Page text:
Whether your boat is brand new or not, there are a few things you need to do to keep it looking new. Scratches in the gelcoat finish need to be repaired as soon as possible, but after those repairs are completed and before you put your boat back in the water, you can do a few things to prevent your boat’s premature aging. It’s cosmetic, sure; but it also helps protect the surface of the hull and the decks from looking older than they should.
Every time you go out on your boat, the first thing you should do after you haul it out of the water and move it away from the launching ramp is rinse it down with clean water. This does two things: first, it washes away any marine life that decided to hitch a ride. Second, it rinses away the saltwater and salt that sticks to the hull, the fittings and the lower unit of your outboard or your sterndrive. If you’re a lake boater, getting rid of the marine life prevents invasive species from cross-contaminating multiple bodies of water. If you’re strictly a saltwater boater, you’ve probably seen the effects of salts on metal and fiberglass.
Rinse the boat from the highest point and work downward. This lets gravity help you as you wash. If you find algae clinging to your boat’s waterline, use a paint scraper to rake it off the surface of the fiberglass or metal, then follow up with a 3-M pad.
When you get the boat home — or back to its storage location — wash the hull with a mild dish soap. Using a soap with a degreaser, such as Dawn, carries away any grease or oil it may have picked up in the water around the launching area.
Unscrew and remove the boat’s drain plug and set it aside. Clean the decks with the dishwashing detergent and a deckbrush first and hose them down thoroughly to rinse the soap and any dirt away. Leave the drain plug out for now.
Wash a section about 3 feet wide at a time; don’t try to wash “one level at a time.” Start washing at the top and working downward toward the keel. If you wash a small section at a time, from the gunwale to the keel using a circular motion, you’re less likely to miss spots. Finish one side before you start on the other.
The Hull: Protect It
Once you’ve washed the whole hull, give it another rinse with clean water and allow it to air dry. If your boat is new and still fairly shiny, all you need to do is apply a coat of paste wax — an automotive wax with carnauba wax is ideal — using a circular motion. Let the wax dry to a haze, just as you would with a car, and buff the haze away with an orbital buffer.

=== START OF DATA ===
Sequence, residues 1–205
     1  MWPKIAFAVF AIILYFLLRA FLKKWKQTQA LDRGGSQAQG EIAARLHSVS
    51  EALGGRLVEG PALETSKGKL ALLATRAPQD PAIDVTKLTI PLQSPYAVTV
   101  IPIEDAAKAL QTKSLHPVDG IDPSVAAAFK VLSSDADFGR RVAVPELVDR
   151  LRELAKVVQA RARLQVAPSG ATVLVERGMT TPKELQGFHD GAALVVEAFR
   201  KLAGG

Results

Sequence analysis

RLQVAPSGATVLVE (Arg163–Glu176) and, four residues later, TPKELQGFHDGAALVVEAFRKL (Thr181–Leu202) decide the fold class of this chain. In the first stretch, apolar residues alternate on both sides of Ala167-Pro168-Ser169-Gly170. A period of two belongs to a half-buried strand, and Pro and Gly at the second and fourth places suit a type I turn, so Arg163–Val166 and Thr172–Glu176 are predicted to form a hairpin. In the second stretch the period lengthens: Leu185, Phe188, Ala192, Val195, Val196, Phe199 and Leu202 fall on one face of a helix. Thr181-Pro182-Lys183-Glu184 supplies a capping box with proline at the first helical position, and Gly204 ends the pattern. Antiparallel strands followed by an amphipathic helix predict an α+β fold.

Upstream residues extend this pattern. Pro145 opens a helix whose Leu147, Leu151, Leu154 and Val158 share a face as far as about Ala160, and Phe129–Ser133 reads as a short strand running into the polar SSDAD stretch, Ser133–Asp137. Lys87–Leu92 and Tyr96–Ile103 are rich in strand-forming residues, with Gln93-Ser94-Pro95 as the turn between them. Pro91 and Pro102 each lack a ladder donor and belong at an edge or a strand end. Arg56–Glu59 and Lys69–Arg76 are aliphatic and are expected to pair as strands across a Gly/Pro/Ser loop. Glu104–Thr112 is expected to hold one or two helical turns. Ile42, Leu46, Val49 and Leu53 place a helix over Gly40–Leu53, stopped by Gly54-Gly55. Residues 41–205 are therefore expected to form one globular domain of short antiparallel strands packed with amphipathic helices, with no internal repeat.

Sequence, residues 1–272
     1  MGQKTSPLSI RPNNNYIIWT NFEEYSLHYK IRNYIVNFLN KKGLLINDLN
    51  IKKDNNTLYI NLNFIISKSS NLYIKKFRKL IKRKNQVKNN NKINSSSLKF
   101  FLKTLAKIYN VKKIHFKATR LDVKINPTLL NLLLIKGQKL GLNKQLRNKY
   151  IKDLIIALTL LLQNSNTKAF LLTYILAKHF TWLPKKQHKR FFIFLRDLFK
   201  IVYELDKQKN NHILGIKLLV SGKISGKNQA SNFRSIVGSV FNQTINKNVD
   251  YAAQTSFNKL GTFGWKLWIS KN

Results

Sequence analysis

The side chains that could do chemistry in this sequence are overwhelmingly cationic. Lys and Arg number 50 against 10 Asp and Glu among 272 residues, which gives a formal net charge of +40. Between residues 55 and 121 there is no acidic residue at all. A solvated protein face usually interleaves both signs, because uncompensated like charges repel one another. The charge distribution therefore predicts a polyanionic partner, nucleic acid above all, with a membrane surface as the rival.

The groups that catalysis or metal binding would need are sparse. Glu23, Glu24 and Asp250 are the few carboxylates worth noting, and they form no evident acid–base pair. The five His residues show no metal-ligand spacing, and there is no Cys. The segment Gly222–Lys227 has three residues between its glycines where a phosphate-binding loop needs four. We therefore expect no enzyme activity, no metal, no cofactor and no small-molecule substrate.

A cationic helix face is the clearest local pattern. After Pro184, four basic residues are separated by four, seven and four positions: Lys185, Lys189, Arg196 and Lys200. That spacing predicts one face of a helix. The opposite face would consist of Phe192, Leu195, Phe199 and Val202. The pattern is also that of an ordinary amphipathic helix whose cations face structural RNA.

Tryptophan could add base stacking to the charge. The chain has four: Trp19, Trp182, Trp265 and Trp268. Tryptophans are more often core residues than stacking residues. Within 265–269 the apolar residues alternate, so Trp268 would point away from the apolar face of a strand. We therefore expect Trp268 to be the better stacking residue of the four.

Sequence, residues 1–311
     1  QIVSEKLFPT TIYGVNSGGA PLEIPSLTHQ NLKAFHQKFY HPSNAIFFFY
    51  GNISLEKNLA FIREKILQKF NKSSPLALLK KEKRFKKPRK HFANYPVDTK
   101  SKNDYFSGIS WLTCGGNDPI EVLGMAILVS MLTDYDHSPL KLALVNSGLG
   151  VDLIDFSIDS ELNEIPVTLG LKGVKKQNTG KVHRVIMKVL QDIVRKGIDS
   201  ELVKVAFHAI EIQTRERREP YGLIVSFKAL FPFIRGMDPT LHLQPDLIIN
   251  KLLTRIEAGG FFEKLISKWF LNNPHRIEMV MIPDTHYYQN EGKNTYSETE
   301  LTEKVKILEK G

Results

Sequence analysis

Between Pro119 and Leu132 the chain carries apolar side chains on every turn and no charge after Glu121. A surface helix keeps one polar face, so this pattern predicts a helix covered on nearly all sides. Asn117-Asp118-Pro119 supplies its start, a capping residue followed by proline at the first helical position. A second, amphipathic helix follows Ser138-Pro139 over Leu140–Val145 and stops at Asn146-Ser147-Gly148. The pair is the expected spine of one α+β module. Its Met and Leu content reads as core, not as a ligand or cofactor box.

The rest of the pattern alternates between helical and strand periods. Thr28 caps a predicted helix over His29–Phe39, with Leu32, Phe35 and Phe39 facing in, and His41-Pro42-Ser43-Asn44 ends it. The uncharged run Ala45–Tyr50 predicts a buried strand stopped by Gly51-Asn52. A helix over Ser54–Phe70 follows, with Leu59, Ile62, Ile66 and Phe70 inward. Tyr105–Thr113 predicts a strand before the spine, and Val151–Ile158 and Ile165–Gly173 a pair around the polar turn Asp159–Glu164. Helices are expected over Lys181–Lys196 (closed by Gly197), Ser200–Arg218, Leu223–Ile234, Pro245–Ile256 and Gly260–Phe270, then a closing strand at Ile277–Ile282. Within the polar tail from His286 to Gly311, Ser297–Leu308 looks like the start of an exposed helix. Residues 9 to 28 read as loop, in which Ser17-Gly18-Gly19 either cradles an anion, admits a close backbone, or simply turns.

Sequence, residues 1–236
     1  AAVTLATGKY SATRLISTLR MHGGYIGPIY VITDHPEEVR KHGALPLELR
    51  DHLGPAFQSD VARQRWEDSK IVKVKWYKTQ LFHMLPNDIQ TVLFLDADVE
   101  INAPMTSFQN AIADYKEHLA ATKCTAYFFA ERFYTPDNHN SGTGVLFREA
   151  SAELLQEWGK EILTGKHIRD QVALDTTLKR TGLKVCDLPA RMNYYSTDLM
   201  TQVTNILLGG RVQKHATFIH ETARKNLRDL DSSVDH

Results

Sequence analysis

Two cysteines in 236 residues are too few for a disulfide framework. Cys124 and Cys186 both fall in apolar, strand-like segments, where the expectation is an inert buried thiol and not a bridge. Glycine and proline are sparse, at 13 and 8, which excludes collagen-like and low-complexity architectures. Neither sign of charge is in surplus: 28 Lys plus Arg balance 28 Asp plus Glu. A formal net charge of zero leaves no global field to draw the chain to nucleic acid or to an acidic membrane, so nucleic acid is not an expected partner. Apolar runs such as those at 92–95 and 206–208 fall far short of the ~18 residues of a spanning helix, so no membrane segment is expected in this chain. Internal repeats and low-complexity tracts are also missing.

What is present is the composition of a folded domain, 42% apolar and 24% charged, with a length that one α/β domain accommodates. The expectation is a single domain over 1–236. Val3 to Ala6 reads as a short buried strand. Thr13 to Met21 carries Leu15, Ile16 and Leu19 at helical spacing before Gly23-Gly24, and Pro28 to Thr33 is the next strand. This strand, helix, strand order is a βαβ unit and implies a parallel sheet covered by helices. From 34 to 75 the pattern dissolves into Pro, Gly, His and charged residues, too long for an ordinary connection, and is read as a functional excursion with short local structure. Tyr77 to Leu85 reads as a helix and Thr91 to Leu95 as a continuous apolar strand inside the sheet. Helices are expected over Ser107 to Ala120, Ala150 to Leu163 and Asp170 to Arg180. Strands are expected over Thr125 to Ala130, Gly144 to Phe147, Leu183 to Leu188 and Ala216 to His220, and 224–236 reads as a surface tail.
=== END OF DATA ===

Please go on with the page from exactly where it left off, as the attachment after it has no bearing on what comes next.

If your boat has a few seasons on it, that shiny-new appearance may be starting to fade. Polishing compounds for fiberglass — not automotive rubbing compound — can bring the skin of your boat back to life: fold a clean cloth a few times, dip it in the compound and rub the compound onto the surface gently, using a circular motion. Keep rubbing until the shine starts to come back. In the alternative, you can use an orbital buffer and save yourself some strain. After you buff the polish out, put a coat of wax on the finish, allow the wax to dry to a haze and buff it with the orbiotal buffer.
Outboards and Sterndrives
Once you’ve rinsed your outboard and sterndrive, remove the screens from the water intakes and clean them. Small particles of plant life that get past the strainers usually pass through the cooling system with no problem, but will build up over time, clogging the cooling gallaries of an outboard or even clogging the water pump on an outboard or sterndrive.
Keep an eye on the stream of water that flows out of an outboard; if it diminishes or stops completely while you’re running, shut your motor down. Use your tilt/trim system to lift the engine clear of the water and look at the intakes — odds are they’re clogged with marine life, either animal or, more likely, plant.
Cleaning out the strainers on the water intakes when you wash your boat will help prevent your engine or drive from overheating.
Cleaning the outboard or sterndrive clean is easier than keeping the hull clean. Soak a clean 3-M pad in liquid dish detergent, then run the pad over all of the exposed surfaces of the sterndrive or the outboard. Let the soap sit for a few minutes before rinsing it off with running water and a dry 3-M pad. As you do so, take the time to inspect the zincs on the drive, the propeller shaft and propeller and the hull. Replace any zinc that’s more than 50-percent gone. When a zinc reaches 50 percent, it loses its ability to protect your boat.
A Word on Acrylic Polishes
There are automotive acrylic polishes made for fiberglass and plastic car bodies. They will make your boat shine, but they don’t appear to offer the same level of protection to a fiberglass hull that they offer to a car, simply because the of the harsh chemical nature of the marine environment.
Next Week: Canvas Care and Repair